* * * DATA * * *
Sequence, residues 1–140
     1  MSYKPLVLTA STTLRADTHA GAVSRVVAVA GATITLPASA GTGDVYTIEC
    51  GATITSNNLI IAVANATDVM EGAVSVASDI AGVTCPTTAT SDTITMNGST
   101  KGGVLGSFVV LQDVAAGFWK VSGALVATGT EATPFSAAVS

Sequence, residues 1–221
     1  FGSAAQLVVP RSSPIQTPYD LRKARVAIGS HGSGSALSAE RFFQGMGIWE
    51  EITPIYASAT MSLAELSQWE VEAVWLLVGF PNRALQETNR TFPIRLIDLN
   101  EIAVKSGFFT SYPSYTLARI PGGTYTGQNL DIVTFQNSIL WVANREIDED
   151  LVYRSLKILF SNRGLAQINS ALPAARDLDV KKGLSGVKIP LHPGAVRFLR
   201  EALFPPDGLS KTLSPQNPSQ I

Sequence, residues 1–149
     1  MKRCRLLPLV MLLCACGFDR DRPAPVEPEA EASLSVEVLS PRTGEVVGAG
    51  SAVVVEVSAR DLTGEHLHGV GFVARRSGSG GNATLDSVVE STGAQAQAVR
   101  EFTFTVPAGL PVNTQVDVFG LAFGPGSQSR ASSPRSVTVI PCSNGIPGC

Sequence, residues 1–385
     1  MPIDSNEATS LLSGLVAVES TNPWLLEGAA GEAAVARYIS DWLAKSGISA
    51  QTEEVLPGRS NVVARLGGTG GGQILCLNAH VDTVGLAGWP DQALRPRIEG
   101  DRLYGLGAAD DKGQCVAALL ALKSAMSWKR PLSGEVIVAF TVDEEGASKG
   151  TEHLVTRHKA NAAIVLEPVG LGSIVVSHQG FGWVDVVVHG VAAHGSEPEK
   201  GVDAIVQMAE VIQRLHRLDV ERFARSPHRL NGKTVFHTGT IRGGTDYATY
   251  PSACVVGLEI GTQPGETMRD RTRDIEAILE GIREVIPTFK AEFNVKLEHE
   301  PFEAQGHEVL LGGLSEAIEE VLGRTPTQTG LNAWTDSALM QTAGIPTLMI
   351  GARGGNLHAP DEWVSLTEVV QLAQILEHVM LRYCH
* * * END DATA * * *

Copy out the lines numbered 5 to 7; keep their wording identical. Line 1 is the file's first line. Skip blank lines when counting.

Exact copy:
Sequence, residues 1–221
     1  FGSAAQLVVP RSSPIQTPYD LRKARVAIGS HGSGSALSAE RFFQGMGIWE
    51  EITPIYASAT MSLAELSQWE VEAVWLLVGF PNRALQETNR TFPIRLIDLN